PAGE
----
A Dr.’s Bedside Manner


One thing I noticed (big difference) between the doctors I met at Deaconness compared to the ones at Hines Jr. VA Hospital in Chicago was the bedside manner.

One was aloof while the other took his time, got on dad’s level, and explained to the family tests that were ran regarding my father’s condition and the time he has left.

I wish more doctors would realize the impact they have on their patients…patients are more than the sum of their diseases/symptoms…that they are a human being with feelings, fears and doubts.

Part of being a health care professional is retaining your sense of humanity. Trust me,  a little bit of kindness goes a long way-especially with those families who are about to lose a loved one. A positive bedside manner can help patients recover quickly (in some cases)….studies have been completed regarding the doctor/patient relationship.  Perhaps a patient may reveal more about their illness to a doctor who they can trust.

Health care providers should always remember the Hippocratic oath:

I swear to fulfill, to the best of my ability and judgment, this covenant:

I will respect the hard-won scientific gains of those physicians in whose steps I walk, and gladly share such knowledge as is mine with those who are to follow.

I will apply, for the benefit of the sick, all measures [that] are required, avoiding those twin traps of overtreatment and therapeutic nihilism.

I will remember that there is art to medicine as well as science, and that warmth, sympathy, and understanding may outweigh the surgeon’s knife or the chemist’s drug.

I will not be ashamed to say “I know not,” nor will I fail to call in my colleagues when the skills of another are needed for a patient’s recovery.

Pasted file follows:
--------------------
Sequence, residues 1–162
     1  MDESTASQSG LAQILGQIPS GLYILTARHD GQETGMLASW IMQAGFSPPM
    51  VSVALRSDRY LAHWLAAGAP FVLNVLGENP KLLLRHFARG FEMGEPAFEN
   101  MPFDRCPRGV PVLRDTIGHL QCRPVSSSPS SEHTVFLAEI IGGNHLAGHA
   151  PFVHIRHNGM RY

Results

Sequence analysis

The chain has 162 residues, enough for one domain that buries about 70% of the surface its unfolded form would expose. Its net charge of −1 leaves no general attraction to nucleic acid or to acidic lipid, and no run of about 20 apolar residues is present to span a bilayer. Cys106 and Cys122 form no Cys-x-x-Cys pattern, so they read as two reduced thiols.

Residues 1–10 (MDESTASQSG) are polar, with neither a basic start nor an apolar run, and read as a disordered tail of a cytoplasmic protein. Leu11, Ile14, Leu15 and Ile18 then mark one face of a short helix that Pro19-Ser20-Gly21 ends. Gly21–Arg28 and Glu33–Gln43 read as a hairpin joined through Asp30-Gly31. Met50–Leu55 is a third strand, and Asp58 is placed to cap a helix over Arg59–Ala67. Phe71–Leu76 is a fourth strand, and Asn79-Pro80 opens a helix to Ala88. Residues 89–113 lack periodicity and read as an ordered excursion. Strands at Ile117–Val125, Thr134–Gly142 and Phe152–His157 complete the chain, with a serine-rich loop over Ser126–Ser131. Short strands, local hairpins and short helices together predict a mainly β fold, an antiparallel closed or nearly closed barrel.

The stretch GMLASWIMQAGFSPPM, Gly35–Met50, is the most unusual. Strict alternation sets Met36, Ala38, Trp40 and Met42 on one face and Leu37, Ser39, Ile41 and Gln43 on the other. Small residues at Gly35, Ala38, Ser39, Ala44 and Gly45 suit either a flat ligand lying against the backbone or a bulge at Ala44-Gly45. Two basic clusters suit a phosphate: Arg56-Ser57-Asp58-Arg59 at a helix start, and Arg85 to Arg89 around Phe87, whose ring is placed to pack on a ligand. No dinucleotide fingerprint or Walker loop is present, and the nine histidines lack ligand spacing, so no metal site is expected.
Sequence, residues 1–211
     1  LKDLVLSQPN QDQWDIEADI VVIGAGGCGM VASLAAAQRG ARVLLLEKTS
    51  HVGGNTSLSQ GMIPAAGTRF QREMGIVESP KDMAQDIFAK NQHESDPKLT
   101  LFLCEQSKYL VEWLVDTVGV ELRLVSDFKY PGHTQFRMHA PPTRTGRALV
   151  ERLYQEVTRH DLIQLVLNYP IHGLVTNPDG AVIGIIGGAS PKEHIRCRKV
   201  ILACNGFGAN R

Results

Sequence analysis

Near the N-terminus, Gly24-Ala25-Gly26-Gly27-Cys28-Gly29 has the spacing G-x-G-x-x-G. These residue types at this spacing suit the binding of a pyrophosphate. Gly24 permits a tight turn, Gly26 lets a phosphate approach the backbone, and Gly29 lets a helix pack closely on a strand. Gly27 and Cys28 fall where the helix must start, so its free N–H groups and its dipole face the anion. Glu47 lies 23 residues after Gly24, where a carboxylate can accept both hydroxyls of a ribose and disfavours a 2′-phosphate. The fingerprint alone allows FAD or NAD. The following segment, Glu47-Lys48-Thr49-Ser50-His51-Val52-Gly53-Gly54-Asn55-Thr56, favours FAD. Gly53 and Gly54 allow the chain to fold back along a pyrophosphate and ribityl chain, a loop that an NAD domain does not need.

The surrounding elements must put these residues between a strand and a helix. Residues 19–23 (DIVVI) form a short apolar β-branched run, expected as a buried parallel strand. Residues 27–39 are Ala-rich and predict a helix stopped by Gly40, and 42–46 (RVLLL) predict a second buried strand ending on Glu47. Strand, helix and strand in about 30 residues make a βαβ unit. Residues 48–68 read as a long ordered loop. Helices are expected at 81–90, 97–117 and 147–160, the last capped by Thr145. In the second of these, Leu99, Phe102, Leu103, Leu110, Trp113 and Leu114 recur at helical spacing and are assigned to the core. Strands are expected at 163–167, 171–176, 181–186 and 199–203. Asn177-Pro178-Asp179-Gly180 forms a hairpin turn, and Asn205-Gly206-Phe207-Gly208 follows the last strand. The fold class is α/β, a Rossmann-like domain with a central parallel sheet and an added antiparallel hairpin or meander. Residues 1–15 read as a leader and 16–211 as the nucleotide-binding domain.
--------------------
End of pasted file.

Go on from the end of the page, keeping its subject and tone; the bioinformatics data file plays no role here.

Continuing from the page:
I will respect the privacy of my patients, for their problems are not disclosed to me that the world may know. Most especially must I tread with care in matters of life and death. If it is given to me to save a life, all thanks. But it may also be within my power to take a life; this awesome responsibility must be faced with great humbleness and awareness of my own frailty. Above all, I must not play at God.

I will remember that I do not treat a fever chart, a cancerous growth, but a sick human being, whose illness may affect the person’s family and economic stability. My responsibility includes these related problems, if I am to care adequately for the sick.

I will prevent disease whenever I can, for prevention is preferable to cure.

I will remember that I remain a member of society, with special obligations to all my fellow human beings, those sound of mind and body as well as the infirm.

If I do not violate this oath, may I enjoy life and art, respected while I live and remembered with affection thereafter. May I always act so as to preserve the finest traditions of my calling and may I long experience the joy of healing those who seek my help.

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